To put things into perspective, the mean time to identify a breach in 2023 is 204 days, according to IBM’s Cost of a Data Breach Report 2023. So, the timelines for an organization to detect a breach, determine its materiality, and then report it to the SEC – could be ambiguous in practice.
Nonetheless, the final rules are a great initiative in the right direction. Among other things, it will compel organizations to improve the maturity of their incident detection & response and overall cyber risk management and governance processes. We could see future revisions that offer more clarity and/or more requirements for companies to adhere to.
Join our upcoming webinar on September 13th, where we will analyze the SEC’s new cybersecurity rules and discuss key strategies and best practices to achieve compliance, along with domain experts:
- Alex Gacheche, Global Head of Information Security, Technology Infrastructure at Meta/Facebook
- Chris H, CISO & Co-Founder @ Aquia
How MetricStream CyberGRC Can Help
In a previous blog, I delved into the key requirements that organizations need to meet and the strategies that can help them achieve this goal. Here’s a look at how MetricStream CyberGRC can help you achieve compliance:
|Under the SEC Rules, You Need to||With MetricStream CyberGRC, You Can|
|Report material cybersecurity incidents to the SEC within 4 days of determining the materiality of the incident, subject to an additional extension of the timeline at the Attorney General’s discretion|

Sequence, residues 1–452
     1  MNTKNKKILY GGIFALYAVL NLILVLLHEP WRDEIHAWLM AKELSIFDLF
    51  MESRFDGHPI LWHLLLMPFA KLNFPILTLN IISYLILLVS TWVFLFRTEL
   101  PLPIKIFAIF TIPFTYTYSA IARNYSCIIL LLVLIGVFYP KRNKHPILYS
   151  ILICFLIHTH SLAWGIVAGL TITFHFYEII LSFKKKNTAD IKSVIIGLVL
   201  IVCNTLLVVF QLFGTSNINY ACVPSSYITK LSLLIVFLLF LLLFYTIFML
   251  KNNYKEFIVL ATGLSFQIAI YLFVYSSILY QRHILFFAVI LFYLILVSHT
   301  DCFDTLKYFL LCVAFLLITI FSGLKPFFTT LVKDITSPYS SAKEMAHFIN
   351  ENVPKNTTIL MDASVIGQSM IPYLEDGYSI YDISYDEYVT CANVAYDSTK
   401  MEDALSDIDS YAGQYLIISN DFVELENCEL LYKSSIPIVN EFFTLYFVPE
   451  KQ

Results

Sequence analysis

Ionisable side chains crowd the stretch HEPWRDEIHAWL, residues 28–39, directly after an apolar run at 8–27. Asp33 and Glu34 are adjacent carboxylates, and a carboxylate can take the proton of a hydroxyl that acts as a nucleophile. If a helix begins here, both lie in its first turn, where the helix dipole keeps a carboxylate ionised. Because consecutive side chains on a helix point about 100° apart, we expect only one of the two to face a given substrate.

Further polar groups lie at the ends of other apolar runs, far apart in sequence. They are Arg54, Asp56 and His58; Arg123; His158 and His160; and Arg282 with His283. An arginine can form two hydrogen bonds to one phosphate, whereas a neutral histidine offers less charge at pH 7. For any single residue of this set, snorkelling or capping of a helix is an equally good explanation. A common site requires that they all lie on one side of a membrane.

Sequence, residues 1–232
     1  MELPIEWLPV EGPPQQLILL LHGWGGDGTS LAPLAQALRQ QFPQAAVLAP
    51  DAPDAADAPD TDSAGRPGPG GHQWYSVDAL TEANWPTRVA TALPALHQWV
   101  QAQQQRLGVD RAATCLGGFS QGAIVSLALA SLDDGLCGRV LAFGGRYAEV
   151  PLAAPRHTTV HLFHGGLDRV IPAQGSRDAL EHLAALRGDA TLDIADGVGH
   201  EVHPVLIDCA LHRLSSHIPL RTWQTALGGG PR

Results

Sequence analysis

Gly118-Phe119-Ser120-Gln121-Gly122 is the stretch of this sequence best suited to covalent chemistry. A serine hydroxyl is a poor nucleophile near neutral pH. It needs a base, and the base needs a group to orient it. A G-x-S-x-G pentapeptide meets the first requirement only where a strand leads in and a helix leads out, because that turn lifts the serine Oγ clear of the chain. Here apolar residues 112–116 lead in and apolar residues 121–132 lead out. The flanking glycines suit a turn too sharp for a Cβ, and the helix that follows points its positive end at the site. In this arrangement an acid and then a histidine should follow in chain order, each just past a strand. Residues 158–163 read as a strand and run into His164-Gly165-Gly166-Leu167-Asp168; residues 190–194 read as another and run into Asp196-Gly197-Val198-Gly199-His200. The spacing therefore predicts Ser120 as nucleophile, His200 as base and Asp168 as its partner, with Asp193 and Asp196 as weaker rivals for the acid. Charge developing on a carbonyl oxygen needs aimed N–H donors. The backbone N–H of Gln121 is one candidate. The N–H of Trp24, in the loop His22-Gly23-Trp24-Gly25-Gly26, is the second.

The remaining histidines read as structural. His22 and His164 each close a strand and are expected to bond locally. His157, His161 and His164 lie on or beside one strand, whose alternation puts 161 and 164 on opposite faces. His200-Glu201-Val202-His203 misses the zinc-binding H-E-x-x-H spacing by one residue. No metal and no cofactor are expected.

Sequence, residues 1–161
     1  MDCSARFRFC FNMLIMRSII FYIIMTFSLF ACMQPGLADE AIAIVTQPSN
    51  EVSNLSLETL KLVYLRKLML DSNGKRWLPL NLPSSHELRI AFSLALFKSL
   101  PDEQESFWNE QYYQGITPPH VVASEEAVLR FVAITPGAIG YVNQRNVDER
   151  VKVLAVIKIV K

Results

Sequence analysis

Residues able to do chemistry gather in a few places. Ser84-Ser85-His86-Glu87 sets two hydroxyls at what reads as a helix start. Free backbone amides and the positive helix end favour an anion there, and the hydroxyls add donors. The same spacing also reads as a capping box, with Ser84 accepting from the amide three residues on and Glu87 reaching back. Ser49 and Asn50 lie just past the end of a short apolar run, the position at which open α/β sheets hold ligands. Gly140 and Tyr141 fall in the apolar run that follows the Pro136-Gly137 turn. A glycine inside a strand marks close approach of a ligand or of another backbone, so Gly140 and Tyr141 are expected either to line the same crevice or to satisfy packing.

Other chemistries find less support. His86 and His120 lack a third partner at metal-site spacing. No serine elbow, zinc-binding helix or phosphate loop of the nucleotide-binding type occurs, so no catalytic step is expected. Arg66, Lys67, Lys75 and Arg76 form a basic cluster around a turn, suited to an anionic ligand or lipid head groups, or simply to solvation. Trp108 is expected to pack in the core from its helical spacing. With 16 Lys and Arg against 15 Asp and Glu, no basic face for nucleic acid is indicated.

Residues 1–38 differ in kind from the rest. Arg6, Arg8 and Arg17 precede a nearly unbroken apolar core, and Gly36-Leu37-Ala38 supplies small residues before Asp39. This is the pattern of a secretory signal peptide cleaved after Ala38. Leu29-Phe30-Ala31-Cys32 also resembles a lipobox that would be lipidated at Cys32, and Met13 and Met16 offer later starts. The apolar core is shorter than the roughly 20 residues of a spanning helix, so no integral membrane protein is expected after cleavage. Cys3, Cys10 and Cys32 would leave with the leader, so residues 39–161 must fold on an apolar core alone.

- Establish consistent procedures for incident documenting, analyzing, and remediating all the way till closure
- Maintain a single source of truth for incident lifecycle for quick and efficient reporting
|Annual Reporting on the processes for assessing, identifying, and managing material cybersecurity risks, including third-party risks, and whether any cyber risks have had a material effect or are likely to do so|
- Assess and manage IT and cyber risks in a standardized manner using industry frameworks, such as ISO 27001 and NIST
- Generate comprehensive reports providing in-depth visibility into the overall security posture
|Annual Reporting on the board’s oversight of cybersecurity risks, the management’s role and expertise in assessing and managing material cybersecurity risks, and how the board/subcommittee is informed about cyber risks|
- Leverage user-configurable reports with role-based views into relevant risk, threat, vulnerability, and control data in real-time – which can be presented to the board and top management
- Record and maintain the expertise of the members of the management team or cyber risk committee/subcommittee members
|Disclose whether they are engaging with third-party assessors, consultants, or auditors in connection with any cybersecurity processes|
- Document and maintain information on third parties mapped to relevant details such as IT assets, business units, products or services, contracts, spend, certifications, ongoing assessments, country, risk or compliance issues, due diligence status, etc.
- Generate reports that provide insights into risks, compliance, and performance of third-party vendors
|Describe whether and how cybersecurity processes have been integrated into the overall risk management system or processes||- Implement an integrated GRC solution to obtain real-time status monitoring and comprehensive reports, providing in-depth visibility into overall risk management systems and processes|
Learn more about how MetricStream can help achieve compliance with the SEC’s cybersecurity rules: